The African Union Campaign to End Child Marriage: What next? Girls Not Brides members from across Africa speak as one
Halfway through its four-year Campaign to End Child Marriage in Africa, which was launched in 2014, the African Union (AU) Commission is carrying out an assessment to take stock of progress made, learn from challenges faced, and identify priorities for the next two years. This is a key opportunity for the AU and all those involved in the Campaign to collectively evaluate what has worked, what needs to be improved, and the direction the Campaign should take for the AU to meet its objectives and enable girls to fulfil their potential.
As a partner to the Campaign, Girls Not Brides has a unique contribution to make in this process. Our secretariat consulted widely with members in Africa, and identified collective messages and recommendations that we shared with representatives from the AU Commission, selected government representatives and partner organisations during a Campaign assessment workshop that took place from 10 to 12 October 2016 in Lusaka, Zambia.
We are grateful to the 80 members that were able to contribute to this consultation process from across the continent. This blog captures your recommendations and shares some insights from the discussions that took place in Lusaka.
How well has the AU Campaign to end child marriage done so far? Our members’ views on progress and challenges
Our members recognised that the AU Campaign opened space for a conversation on child marriage among African leaders, resulting in the adoption of an African Common Position on Child marriage. The Campaign has also succeeded in putting child marriage on the development agenda of many AU Member States, most of which had previously not developed a national response to child marriage. Fifteen countries have launched the Campaign to date, and a growing number of governments are developing national strategies or action plans that are aimed specifically at curbing child marriage.
While some members had been involved to varying degrees in the national launches of the Campaign, most were not aware of any post-launch Campaign activities that had been implemented at the national level. An overwhelming majority of respondents considered that they had insufficient information on the Campaign’s purpose, ways of working and post-launch implementation plans, and were therefore unable to meaningfully participate in it.
Girls Not Brides members’ recommendations to the AU Campaign
When asked to make recommendations for the next two years of the AU Campaign, Girls Not Brides' members stressed the importance of leveraging the momentum raised and ensuring AU Member States move from commitment to action.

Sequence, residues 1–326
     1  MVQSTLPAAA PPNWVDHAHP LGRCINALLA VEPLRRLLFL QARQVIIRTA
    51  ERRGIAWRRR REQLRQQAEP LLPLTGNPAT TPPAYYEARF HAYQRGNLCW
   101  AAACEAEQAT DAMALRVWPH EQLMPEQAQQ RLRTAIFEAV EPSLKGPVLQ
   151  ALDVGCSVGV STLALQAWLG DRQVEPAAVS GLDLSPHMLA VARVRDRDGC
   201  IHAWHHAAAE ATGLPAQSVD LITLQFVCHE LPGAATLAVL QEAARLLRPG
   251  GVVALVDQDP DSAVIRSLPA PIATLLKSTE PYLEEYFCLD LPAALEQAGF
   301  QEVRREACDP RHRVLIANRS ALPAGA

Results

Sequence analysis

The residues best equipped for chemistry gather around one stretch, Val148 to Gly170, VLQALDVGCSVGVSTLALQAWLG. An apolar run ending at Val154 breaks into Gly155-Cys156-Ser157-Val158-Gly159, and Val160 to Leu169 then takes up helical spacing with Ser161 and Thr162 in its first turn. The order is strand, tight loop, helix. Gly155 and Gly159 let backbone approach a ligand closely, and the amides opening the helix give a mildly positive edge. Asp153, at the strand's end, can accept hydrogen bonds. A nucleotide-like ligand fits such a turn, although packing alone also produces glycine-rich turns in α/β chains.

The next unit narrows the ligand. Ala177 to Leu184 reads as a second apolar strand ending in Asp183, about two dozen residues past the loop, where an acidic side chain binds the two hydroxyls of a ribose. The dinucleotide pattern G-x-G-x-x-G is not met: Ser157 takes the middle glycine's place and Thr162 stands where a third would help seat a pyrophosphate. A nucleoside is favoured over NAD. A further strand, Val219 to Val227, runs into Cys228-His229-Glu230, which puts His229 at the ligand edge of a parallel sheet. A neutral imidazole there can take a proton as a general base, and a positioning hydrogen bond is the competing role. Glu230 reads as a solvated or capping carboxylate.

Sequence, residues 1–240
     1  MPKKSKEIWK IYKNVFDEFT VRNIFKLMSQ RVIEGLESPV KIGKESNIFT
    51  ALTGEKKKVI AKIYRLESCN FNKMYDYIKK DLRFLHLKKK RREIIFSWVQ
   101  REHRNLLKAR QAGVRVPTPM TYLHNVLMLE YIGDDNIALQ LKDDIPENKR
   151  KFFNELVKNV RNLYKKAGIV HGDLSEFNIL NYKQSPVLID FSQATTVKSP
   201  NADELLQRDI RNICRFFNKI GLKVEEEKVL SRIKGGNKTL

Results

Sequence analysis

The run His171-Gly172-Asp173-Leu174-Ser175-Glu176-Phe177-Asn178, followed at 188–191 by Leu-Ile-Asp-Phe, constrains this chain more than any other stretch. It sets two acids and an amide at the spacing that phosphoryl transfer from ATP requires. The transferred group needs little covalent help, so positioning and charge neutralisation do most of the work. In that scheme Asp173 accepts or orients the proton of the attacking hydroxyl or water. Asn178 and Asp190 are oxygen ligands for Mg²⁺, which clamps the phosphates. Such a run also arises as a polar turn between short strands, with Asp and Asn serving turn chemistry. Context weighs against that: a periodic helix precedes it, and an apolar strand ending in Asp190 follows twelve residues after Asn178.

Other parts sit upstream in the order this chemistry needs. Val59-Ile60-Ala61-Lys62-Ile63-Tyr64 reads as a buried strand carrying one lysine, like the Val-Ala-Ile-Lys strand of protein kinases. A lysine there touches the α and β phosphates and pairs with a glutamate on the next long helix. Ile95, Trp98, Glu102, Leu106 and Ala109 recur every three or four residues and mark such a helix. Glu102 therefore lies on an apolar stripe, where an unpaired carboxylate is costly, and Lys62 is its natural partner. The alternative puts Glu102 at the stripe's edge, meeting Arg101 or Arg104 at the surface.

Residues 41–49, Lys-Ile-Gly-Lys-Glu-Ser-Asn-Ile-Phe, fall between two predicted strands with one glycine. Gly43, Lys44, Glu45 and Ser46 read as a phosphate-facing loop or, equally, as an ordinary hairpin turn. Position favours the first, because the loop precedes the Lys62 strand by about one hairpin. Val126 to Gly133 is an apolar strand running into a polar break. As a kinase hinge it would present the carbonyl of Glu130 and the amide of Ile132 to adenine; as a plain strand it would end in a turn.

The Girls Not Brides' members identified the following four recommendations as those most commonly made by members, and presented them at the progress report workshop:
- The AU Campaign should ensure meaningful integration of civil society and young people as equal partners to the Campaign at the regional and national levels. We believe that a strategy to integrate civil society in the Campaign will be crucial for the Campaign to reach its ambitious objectives.
- The AU Campaign should provide specific and strategic guidance to Member States on how to prepare, launch and implement the Campaign at national level. This can be done by documenting and sharing best practices and lessons learned from various countries and by providing a platform for countries to learn from one another’s experiences.
- The AU Campaign should encourage Member States to develop and implement national strategies that reflect their regional and global commitments and obligations (from the AU Charter on the Rights and Welfare of the Child and the Maputo Protocol, to Agenda 2063 and the Sustainable Development Goals). This can be done through alignment of targets, indicators, but also reporting and monitoring mechanisms.
- The AU Campaign should ensure coherence between its own work and activities undertaken by other relevant AU departments and initiatives that focus on issues related to child marriage (such as health, education, youth empowerment, etc.)
Based on the workshop discussions and on the feedback received from selected Members' States and partners, the AU will develop a report on the status child marriage in Africa (to be issued in April 2017) and develop its workplan for 2017-2018. The members and secretariat of Girls Not Brides are committed to working with the Campaign and enabling CSOs from across Africa to advance the objectives of the Campaign.
We believe that it is possible to end child marriage in Africa, but only if all of us – young people, communities, civil society organisations, governments, regional and international institutions, and development partners – work together as a strong and coherent movement for change.
In the time it has taken to read this article 45 girls under the age of 18 have been married
Each year, 12 million girls are married before the age of 18
That is 23 girls every minute
Nearly 1 every 2 seconds
About the author
Françoise Kpeglo Moudouthe
Girls Not Brides
Françoise Kpeglo Moudouthe is Girls Not Brides’ Head of Africa Engagement. Based in Dakar, Senegal, Françoise leads the development and implementation of Girls Not Brides’ strategy in Africa and works to strengthen the Partnership’s presence in the region.